unopposed toward the Suez Canal before halting in
compliance with the demands of England and France.
As expected, the Egyptians ignored the Anglo-French
ultimatum to withdraw since they, the “victims,” were
being asked to retreat from the Sinai to the west
bank of the Canal while the Israelis were permitted
to stay just 10 miles east of the Canal.
On October 30, the United States sponsored a Security
Council resolution calling for an immediate Israeli withdrawal, but England
and France vetoed it. The following day, the two allies launched air
operations, bombing Egyptian airfields near Suez.
Given the pretext to continue
fighting, the Israeli forces routed the Egyptians.
The IDF's armored corps swept across the desert, capturing
virtually the entire Sinai by November 5. Former
U.S. Ambassador Parker Hart said, “We had intelligence
reports that many of the Egyptian toops just took
off their shoes and ran barefoot to get out of there
faster.” That day, British
and French paratroops landed near Port Said and amphibious
ships dropped commandoes on shore. British troops
captured Port Said and advanced to within 25 miles
of Suez City before the British government abruptly
agreed to a cease-fire.
The British about-face was prompted by Soviet threats to
use "every kind of modern destructive weapon" to stop the violence
and the United States decision to make a much-needed $1 billion loan from the
International Monetary Fund contingent on a cease-fire. The French tried to
convince Britain to fight long enough to finish the job of capturing the
Canal, but succeeded only in delaying their acceptance of the cease-fire.
Though their allies had failed to accomplish their goals,
the Israelis were satisfied at having reached theirs in an operation that took
only 100 hours. By the end of the fighting, Israel held the Gaza Strip and had
advanced as far as Sharm al-Sheikh along the Red Sea. A total of 231 Israeli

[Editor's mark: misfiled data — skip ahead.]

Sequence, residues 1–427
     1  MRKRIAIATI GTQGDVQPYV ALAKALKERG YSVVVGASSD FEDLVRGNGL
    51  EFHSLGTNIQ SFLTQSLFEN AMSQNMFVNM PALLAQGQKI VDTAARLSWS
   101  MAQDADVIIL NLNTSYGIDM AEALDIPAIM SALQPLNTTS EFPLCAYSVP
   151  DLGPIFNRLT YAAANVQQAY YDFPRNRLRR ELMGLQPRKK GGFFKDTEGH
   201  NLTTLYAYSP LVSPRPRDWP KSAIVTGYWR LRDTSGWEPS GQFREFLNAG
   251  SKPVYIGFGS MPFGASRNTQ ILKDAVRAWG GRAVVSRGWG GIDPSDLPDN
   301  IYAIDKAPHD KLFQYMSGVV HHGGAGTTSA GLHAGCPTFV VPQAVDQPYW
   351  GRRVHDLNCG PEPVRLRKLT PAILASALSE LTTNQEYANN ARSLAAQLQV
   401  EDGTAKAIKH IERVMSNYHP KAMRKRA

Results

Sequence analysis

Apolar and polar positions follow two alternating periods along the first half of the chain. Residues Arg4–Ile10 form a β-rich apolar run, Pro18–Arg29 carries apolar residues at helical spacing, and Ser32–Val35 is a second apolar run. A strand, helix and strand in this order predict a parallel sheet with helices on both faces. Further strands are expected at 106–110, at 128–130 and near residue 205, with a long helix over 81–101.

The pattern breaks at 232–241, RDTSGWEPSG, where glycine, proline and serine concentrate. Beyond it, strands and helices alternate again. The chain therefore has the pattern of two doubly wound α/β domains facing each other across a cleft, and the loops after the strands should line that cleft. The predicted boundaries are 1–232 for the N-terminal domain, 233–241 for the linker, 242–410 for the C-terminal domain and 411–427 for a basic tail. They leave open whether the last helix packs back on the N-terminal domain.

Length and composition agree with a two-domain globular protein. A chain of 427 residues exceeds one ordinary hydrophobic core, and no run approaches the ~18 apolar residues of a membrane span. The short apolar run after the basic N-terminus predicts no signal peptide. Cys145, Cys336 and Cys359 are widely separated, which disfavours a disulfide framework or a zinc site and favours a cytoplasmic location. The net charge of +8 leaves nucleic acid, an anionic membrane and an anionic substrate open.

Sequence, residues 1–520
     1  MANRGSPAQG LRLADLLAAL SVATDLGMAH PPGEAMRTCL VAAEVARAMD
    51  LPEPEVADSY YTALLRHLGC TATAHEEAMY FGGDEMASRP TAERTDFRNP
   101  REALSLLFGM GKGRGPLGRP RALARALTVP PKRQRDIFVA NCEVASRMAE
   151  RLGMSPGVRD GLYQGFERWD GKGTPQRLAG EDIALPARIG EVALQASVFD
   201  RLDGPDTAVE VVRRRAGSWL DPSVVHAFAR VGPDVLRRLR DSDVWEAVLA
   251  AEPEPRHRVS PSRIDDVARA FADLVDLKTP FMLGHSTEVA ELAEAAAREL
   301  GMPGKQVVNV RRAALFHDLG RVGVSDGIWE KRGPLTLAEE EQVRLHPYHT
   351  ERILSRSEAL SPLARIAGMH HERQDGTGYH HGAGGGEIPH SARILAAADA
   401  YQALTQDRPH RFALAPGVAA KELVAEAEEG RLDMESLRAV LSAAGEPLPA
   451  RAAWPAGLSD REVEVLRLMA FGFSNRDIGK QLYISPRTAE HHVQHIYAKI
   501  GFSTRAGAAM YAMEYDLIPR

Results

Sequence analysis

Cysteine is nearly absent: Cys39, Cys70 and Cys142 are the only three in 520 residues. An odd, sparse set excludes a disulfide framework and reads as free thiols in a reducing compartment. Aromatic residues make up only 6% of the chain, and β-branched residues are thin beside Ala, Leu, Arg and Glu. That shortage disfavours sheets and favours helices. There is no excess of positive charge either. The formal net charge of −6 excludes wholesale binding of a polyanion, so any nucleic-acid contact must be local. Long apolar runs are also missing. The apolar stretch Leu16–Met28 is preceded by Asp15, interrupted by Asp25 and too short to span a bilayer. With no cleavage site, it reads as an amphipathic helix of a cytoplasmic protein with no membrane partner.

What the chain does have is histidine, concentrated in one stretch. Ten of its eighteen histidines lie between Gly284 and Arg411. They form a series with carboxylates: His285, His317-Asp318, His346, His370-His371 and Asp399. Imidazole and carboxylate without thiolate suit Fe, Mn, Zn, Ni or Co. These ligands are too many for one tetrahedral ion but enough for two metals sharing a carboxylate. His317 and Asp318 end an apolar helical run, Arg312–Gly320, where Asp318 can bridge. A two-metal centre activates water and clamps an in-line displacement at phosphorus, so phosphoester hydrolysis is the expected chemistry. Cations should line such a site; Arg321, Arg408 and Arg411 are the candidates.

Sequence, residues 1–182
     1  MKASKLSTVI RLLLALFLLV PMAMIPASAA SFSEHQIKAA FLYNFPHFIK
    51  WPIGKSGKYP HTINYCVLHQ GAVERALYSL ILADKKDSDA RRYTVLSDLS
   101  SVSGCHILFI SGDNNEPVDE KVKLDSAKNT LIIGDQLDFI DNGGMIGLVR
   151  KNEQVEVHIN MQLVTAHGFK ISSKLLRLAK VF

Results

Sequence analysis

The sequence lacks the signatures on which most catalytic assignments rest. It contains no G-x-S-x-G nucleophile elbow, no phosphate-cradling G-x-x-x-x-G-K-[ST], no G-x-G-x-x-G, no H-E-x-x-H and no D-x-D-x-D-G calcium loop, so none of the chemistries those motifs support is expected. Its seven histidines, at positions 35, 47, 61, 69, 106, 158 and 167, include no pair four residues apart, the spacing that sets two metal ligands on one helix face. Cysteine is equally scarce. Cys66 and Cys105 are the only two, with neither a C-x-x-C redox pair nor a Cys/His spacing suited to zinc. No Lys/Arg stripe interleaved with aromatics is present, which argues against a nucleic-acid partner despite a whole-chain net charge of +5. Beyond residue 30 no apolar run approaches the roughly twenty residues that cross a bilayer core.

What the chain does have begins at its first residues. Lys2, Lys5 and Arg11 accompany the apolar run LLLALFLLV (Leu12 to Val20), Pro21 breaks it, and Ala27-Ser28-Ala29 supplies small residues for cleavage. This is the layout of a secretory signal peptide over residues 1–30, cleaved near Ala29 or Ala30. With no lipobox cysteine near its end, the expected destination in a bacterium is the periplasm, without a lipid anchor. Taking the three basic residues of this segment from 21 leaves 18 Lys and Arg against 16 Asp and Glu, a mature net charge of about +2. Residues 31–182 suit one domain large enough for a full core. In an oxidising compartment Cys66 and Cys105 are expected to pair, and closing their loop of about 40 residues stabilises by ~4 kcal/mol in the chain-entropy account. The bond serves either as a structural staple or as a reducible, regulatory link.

soldiers died in the fighting.
Ike Forces Israel to Withdraw
President Eisenhower was upset by the fact
that Israel, France and Great Britain had secretly
planned the campaign to evict Egypt from the Suez
Canal. Israel's failure to inform the United States
of its intentions, combined with ignoring American
entreaties not to go to war, sparked tensions between
the countries. The United States subsequently joined
the Soviet Union (ironically, just after the Soviets
invaded Hungary) in a campaign to force Israel to
withdraw. This included a threat to discontinue all U.S. assistance, UN sanctions and expulsion
from the UN (see exchanges between Ben-Gurion and Eisenhower).
U.S. pressure resulted in an Israeli withdrawal from
the areas it conquered without obtaining any concessions from
the Egyptians. This sowed the seeds of the 1967
One reason Israel did give in to Eisenhower was the
assurance he gave to Prime Minister David Ben-Gurion. Before
evacuating Sharm al-Sheikh, the strategic point guarding
the Straits of Tiran, Israel elicited a promise that the United
States would maintain the freedom of navigation in the waterway.
In addition, Washington sponsored a UN resolution creating the United Nations Emergency Force (UNEF) to supervise the territories
vacated by the Israeli forces.
The war temporarily ended the activities of the fedayeen;
however, they were renewed a few years by a loosely knit group
of terrorist organizations that became know as the Palestine
Liberation Organization (PLO).
Sources: Mitchell G. Bard,The
Complete Idiot's Guide to Middle East Conflict. 4th
Edition. NY: Alpha Books, 2008; Parker T.
Hart, Foreign Affairs Oral History Collection
of the Association for Diplomatic Studies
and Training, (August 12, 1988).